By Kevin Posival
Killeen Daily Herald
The Florence High School football team walked out of its locker room this season with a new kind of swagger.
Despite a $4 million statewide education budget shortfall, the Buffaloes received new uniforms for the first time in years because of donations from the Florence Athletic Booster Club - a viable source of revenue for the small school district.
"They'd gotten used to playing in old stuff that it was just like, from a kid's point of view, I don't believe they really thought anybody cared," said Paul Smith, athletic director and head football coach in Florence. "Now they're getting new stuff to play in, and they appreciate it, and you're starting to see a difference in their performance. It ties in to winning. It ties into changing that culture at Florence, and it's a process."
School district athletic departments are relying more heavily on limited revenue sources to help curb some of the costs of the state's cutbacks.
"Where we get some of our budget for athletics is through fundraising - through our activity account, and our booster clubs in Lampasas do a great job," said Joey McQueen, athletic director and head football coach. in Lampasas. "As the word says, 'booster,' - they do a good job of supporting us and giving us money for extra things."
For Smith, the booster club does more than just supplement his modest $99,500 budget, which was decreased from 2010-11's $102,500. Due to a $25,000 anonymous donation, the second-year athletic director was able to add a trainer to his staff.
After dividing the budget among more than a dozen high school sports and a handful of junior high sports, Smith said Florence would've been hard-pressed to continue its athletic program without school-sponsored fundraisers and booster club donations.
"We just get by. There are no frills or thrills; it's what we need," Smith said. "Without the booster club, we couldn't have done it."
Booster clubs and activity accounts
Money raised from school-sponsored fundraisers goes into activity accounts and are used for everything from meals to weight-room supplies.
"It's lot of little things that you don't really think about, like wrist straps for the weight room and batteries for the water machines," Smith said. "It's little stuff like that you just don't have money in the budget for that you've got to pay for and you've got to take care of it somehow."
While schools are limited in the number of fundraisers they can sponsor, independent booster clubs don't have to follow the same restrictions, although they must adhere to certain University Interscholastic League and school district-specific guidelines.
The groups raise money in a variety of ways, such as running concession stands, selling T-shirts and putting on tournaments. The money must be submitted to an administrator - usually the superintendent or school principal - as a donation before it's transferred to the sports budget.
Booster club members can recommend how the money is spent, but it is ultimately the athletic director and school district's decision on how to spend it. In many cases, the money is used for something a team or program wants but does not necessarily need.
For Florence and other districts like it, wants and needs are sometimes the same thing. "When I got there (in 2009), we needed uniforms, and we didn't get them until this last year," Smith said. "We played in a set of white (away) jerseys that were six years old and then the purple (home) jerseys were four years old. That's unheard of."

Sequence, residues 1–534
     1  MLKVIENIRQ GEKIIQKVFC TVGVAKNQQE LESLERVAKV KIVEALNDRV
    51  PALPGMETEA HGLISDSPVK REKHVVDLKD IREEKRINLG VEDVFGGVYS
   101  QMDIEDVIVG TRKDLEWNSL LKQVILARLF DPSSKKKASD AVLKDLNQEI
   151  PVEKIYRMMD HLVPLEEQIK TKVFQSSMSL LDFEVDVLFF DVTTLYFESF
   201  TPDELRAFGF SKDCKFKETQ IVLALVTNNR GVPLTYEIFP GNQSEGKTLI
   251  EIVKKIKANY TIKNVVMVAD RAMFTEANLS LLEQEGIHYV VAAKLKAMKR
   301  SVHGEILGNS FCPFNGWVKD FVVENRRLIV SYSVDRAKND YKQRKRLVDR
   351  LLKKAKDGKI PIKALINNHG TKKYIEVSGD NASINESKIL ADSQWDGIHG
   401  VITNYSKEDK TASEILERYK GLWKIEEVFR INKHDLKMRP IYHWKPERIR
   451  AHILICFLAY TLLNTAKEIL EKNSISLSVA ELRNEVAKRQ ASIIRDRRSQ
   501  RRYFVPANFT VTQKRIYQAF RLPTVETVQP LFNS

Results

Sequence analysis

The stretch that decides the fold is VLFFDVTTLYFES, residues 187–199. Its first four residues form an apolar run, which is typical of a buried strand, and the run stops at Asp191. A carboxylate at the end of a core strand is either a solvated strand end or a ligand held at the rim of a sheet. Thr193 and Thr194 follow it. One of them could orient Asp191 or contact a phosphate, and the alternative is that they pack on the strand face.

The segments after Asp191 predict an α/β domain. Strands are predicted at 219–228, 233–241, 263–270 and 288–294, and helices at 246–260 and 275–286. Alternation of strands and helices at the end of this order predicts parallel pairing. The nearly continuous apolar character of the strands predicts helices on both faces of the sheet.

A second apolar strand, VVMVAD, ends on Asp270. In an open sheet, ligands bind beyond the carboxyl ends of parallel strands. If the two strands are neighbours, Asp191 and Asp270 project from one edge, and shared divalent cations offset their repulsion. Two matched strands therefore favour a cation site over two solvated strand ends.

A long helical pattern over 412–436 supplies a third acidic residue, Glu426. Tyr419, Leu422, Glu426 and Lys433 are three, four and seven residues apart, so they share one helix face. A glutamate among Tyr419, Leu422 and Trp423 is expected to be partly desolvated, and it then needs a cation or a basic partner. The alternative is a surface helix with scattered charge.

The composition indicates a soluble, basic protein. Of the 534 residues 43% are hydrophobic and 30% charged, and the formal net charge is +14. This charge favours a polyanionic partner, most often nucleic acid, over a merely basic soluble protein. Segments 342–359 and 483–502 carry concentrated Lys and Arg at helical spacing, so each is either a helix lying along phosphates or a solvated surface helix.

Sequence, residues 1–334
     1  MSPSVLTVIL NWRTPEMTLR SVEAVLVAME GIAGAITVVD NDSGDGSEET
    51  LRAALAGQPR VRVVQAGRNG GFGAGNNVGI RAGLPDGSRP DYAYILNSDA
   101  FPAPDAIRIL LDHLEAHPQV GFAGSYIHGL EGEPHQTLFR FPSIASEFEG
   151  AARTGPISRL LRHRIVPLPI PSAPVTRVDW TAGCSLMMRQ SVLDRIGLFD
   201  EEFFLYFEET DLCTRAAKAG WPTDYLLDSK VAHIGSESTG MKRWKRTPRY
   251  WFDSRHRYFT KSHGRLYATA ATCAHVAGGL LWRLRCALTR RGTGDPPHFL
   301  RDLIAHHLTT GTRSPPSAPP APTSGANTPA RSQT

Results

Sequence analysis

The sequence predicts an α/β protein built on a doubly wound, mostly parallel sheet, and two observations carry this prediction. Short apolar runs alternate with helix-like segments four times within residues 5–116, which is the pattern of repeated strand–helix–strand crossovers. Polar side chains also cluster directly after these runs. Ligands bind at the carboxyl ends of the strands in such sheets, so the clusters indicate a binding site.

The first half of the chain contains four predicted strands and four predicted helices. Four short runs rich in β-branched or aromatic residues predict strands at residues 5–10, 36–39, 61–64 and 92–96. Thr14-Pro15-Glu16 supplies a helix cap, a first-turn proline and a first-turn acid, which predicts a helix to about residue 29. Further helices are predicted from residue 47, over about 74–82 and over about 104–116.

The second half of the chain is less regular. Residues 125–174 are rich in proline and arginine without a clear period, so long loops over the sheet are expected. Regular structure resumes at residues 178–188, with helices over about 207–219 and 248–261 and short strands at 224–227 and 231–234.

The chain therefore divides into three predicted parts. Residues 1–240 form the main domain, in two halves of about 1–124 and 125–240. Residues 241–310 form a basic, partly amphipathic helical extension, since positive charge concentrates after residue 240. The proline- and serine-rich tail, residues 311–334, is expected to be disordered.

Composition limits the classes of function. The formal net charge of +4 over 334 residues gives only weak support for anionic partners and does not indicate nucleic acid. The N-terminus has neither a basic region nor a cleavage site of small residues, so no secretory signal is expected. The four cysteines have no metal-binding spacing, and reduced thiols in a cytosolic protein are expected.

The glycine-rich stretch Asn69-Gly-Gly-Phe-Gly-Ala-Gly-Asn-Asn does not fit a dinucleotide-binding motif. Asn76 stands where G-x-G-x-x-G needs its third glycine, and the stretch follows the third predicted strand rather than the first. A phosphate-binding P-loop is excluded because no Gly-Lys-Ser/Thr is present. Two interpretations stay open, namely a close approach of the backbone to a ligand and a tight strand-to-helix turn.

Smith said the basketball uniforms haven't been replaced since 2001. "There's not money in the budget to buy uniforms."
As more budget cuts are expected in the coming year, more athletic programs will turn to their booster clubs and community for even more financial support.
"I think, they're going to play an integral part of it - they already do," Smith said. "A community like Lake Travis, they have more resources financially than a community like Florence. Their kids are going to have nicer stuff and they're going to be able to do things at a different level."
Contrary to popular belief, ticket sales from games does not bolster athletic budgets. Instead, those funds go into a school's general operation fund for the following year.
Copperas Cove officials estimated the school district received about $188,000 in ticket sales last year. In comparison to its $77 million budget, Superintendent Rose Cameron said it doesn't make a huge difference but does factor into the budget-building process.
"It's not something that we can rely on because we don't know if it's coming or not," she said. "It's not the same way we figure our revenue from say the state or from our taxpayers. Again, it's not a huge amount."
Because the money ultimately goes back into the district's budget, Tom Rogers, athletic director for the Killeen school district, said when he was building his 2011-12 budget, he started by moving the district's intra-city football games from Thursday nights or Saturday afternoons to Friday night, the most recognizable and profitable night for Texas high school football.
"I said, 'Money's money,' we need to get the most we can," Rogers said. "So, I moved our higher revenue games, which is those first three weeks, we moved to those to Fridays."
Smith said he hopes the state resolves its funding issues and school districts can replace what they've lost.
"I hope that they remember where they cut and what they cut out for the kids, and I hope they put it back in athletics," Smith said. "I think athletics is a very integral part of the school. I think it produces a well-rounded citizen, and it makes it such that the kids want to come to school and be a part of and support their school."
Contact Kevin Posival at email@example.com or (254) 501-7562.